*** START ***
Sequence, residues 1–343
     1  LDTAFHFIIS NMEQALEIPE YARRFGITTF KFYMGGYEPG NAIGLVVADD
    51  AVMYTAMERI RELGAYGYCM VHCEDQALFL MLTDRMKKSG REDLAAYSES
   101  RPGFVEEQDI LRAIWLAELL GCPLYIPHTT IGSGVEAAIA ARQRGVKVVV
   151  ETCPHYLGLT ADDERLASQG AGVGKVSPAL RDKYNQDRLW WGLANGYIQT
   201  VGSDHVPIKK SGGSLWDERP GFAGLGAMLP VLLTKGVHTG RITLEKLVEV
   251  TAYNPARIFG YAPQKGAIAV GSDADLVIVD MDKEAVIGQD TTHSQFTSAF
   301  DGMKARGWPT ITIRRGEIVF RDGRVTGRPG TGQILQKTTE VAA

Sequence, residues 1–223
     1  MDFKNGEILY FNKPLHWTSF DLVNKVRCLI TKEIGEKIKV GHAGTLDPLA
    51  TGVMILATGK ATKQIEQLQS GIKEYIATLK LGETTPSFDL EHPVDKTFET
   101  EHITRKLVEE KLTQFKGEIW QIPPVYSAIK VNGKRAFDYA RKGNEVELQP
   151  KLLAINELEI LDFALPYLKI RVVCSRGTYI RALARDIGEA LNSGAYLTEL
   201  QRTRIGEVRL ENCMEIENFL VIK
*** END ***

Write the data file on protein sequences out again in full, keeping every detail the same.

Sequence, residues 1–343
     1  LDTAFHFIIS NMEQALEIPE YARRFGITTF KFYMGGYEPG NAIGLVVADD
    51  AVMYTAMERI RELGAYGYCM VHCEDQALFL MLTDRMKKSG REDLAAYSES
   101  RPGFVEEQDI LRAIWLAELL GCPLYIPHTT IGSGVEAAIA ARQRGVKVVV
   151  ETCPHYLGLT ADDERLASQG AGVGKVSPAL RDKYNQDRLW WGLANGYIQT
   201  VGSDHVPIKK SGGSLWDERP GFAGLGAMLP VLLTKGVHTG RITLEKLVEV
   251  TAYNPARIFG YAPQKGAIAV GSDADLVIVD MDKEAVIGQD TTHSQFTSAF
   301  DGMKARGWPT ITIRRGEIVF RDGRVTGRPG TGQILQKTTE VAA

Sequence, residues 1–223
     1  MDFKNGEILY FNKPLHWTSF DLVNKVRCLI TKEIGEKIKV GHAGTLDPLA
    51  TGVMILATGK ATKQIEQLQS GIKEYIATLK LGETTPSFDL EHPVDKTFET
   101  EHITRKLVEE KLTQFKGEIW QIPPVYSAIK VNGKRAFDYA RKGNEVELQP
   151  KLLAINELEI LDFALPYLKI RVVCSRGTYI RALARDIGEA LNSGAYLTEL
   201  QRTRIGEVRL ENCMEIENFL VIK